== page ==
“There were basically two yeshivos in those days, and I lived in Yerushalayim,” Rav Dovid tells me, explaining his choice of studying in Chevron over Ponevezh. “My rebbe was Rav Chatzkel [Sarna]. His shiur was very b’iyun, but he covered ground.” 

As Rav Dovid reminisces about his early days, he starts drawing comparisons between the bachurim of yesteryear and today’s youth. 

Amahl, bachurim huben gehat a geshmak in lernen—In the past, bachurim had a taste for learning and derived pleasure from it. Today, that’s a lot harder to achieve. But without a geshmak, there can be no success in learning. In the Birkas Habanim on Erev Yom Kippur, we bentch our children to have a cheishek in learning, a desire for it. Another thing that’s essential is to have a geshmak in davening, which is also difficult to achieve. But with the right chinuch, children can be imbued with a geshmak for both learning and tefillah. The true struggle of our times is the lack of emunah that is pervasive in today’s bachurim. It leads them to various thoughts and actions that disturb their growth in ruchniyus.”

When I ask the rosh yeshivah to elaborate, he deflects the inquiry, saying that some of the details are best not discussed in a public forum, but he does clarify what he means by a lack of emunah. 

“I’m not talking about a lack of belief in the existence of the Ribbono Shel Olam. I’m referring to a lack of belief in hashgachah pratis, bachurim who don’t believe in s’char va’onesh or Torah min hashamayim. They don’t truly understand the tachlis of a Jew or what a life of Torah is supposed to look like.”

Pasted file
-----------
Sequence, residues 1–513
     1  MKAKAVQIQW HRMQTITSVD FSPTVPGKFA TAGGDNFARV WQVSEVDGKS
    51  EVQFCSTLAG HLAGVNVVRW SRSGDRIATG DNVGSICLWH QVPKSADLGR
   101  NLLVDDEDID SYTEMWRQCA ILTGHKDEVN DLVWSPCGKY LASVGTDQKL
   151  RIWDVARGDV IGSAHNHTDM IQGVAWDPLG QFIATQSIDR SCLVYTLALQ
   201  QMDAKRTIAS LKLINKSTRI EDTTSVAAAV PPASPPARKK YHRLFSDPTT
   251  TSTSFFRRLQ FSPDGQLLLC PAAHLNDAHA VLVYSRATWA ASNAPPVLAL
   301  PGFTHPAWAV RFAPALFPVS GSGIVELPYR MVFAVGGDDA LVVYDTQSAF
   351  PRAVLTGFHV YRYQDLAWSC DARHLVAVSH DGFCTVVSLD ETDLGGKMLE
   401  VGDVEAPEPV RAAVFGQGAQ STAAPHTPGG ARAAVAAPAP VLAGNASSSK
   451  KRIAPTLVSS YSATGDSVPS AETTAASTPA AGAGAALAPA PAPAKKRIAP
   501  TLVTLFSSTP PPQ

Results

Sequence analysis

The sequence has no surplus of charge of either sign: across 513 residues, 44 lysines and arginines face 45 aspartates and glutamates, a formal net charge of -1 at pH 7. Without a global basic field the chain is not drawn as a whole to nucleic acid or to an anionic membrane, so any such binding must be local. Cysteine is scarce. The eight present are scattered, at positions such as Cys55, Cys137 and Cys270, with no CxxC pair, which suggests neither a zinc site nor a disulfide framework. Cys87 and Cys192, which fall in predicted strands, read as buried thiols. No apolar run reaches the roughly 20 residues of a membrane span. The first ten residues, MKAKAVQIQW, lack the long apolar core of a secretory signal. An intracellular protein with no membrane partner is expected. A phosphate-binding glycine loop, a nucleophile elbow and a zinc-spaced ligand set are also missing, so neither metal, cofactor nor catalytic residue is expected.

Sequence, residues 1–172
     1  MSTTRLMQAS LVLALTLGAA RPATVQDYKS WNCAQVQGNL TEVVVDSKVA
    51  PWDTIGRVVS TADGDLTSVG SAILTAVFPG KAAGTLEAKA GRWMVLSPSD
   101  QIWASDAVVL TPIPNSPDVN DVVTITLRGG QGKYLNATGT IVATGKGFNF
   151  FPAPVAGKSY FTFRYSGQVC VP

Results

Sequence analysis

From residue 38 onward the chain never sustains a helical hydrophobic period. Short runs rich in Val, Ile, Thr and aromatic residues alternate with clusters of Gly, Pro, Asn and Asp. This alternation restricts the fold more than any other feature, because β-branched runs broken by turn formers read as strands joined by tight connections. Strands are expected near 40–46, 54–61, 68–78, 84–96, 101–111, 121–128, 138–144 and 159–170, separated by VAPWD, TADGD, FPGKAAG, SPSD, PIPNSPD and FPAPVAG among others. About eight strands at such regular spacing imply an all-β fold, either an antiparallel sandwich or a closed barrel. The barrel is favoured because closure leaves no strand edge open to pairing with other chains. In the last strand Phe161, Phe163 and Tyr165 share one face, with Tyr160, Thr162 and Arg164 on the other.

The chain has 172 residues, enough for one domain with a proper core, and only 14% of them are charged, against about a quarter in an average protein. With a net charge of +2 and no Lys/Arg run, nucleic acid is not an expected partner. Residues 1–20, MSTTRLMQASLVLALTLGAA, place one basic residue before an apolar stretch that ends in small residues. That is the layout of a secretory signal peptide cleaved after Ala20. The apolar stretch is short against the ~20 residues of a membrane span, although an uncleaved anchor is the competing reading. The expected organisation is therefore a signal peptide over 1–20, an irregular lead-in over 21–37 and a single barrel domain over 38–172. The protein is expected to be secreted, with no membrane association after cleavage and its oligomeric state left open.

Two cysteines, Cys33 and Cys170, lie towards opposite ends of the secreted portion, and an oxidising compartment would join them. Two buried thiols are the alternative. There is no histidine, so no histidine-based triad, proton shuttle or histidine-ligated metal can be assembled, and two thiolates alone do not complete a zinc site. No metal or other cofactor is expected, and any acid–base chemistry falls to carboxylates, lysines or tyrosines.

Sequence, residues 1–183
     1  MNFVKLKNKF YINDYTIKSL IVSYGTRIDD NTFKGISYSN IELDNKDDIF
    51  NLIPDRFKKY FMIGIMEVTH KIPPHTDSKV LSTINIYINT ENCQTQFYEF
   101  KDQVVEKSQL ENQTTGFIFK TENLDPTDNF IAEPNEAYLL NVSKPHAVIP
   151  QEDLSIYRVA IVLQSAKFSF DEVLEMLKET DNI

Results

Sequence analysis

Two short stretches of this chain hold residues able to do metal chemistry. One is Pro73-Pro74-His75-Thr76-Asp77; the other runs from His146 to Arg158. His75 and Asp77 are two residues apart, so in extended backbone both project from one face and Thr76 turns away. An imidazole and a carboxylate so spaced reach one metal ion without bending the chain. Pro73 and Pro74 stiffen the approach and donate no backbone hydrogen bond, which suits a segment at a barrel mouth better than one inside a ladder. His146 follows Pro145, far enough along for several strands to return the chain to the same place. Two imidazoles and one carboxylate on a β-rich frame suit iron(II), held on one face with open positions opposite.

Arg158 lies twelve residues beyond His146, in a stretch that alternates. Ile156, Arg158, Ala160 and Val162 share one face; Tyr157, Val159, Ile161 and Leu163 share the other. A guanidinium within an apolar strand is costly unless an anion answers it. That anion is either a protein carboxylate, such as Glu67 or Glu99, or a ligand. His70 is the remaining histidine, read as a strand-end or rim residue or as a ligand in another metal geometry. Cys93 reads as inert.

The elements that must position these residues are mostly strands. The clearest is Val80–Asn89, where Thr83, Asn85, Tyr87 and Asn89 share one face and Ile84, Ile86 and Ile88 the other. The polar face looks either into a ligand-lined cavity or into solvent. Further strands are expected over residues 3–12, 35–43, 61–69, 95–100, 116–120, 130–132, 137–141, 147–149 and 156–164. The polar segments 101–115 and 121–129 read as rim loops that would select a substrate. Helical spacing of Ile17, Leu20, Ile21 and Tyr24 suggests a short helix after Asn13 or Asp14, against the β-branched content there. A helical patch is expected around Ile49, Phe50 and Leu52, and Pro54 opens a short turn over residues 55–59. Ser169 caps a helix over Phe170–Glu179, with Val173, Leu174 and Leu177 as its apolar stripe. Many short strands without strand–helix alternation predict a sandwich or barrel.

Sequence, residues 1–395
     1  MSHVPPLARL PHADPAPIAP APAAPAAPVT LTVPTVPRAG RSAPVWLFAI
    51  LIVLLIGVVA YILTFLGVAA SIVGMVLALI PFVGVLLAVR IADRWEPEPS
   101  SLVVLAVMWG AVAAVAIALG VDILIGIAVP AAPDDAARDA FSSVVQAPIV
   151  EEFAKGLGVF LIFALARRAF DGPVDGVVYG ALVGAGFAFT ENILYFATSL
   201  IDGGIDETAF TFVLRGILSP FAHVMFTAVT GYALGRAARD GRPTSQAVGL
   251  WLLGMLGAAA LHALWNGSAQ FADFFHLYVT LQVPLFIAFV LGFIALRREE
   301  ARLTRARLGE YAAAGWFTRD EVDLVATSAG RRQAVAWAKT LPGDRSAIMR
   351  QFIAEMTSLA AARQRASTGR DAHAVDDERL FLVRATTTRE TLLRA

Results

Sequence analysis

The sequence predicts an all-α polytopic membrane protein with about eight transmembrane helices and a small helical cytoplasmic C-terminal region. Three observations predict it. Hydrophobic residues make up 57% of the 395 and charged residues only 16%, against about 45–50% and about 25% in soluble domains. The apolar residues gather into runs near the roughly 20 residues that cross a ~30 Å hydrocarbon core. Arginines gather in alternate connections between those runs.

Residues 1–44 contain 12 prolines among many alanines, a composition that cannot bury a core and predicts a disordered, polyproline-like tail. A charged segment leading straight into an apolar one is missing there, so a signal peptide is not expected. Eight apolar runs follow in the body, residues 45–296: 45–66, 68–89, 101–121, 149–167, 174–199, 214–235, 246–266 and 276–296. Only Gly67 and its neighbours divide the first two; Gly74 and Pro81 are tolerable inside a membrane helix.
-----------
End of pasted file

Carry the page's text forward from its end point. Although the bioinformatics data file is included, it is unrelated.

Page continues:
For example, some bachurim may blame external factors for things that happen or question the value of a life devoid of gashmiyus. “We have to teach our children the maalos and romemus of the Torah. For the rest of the world, the main objective of life is to amass as much money as possible and to enjoy the world’s pleasures. For Yidden, it’s all about living a life of Torah. People are so engrossed in gashmiyus and how to attain it these days. Even bnei Torah are preoccupied with trying to have it both ways.

“The yetzer hara has been a problem in every generation, and this dor’s great struggle is clearly with technology. Here in Eretz Yisrael we are waging war, hoping to keep it out of the homes of our bnei Torah. But I am told that the challenge in America is even worse, and that technology has made greater inroads in the frum community.” 

Rav Dovid has been the face of this fight and speaks out against technology whenever an opportunity presents itself, not only because he recognizes its dangers but because he has seen case after case in which it has destroyed homes and caused irreversible damage. 

“I have personally seen how those who succumb to its allures have a difficult time recovering. The pasuk in Mishlei [2:19] states, ‘Kol ba’eha lo yeshuvun—None who go to it return.’ With regard to the Internet, I would say that ‘kimat lo yeshuvun’—it is almost impossible to return.”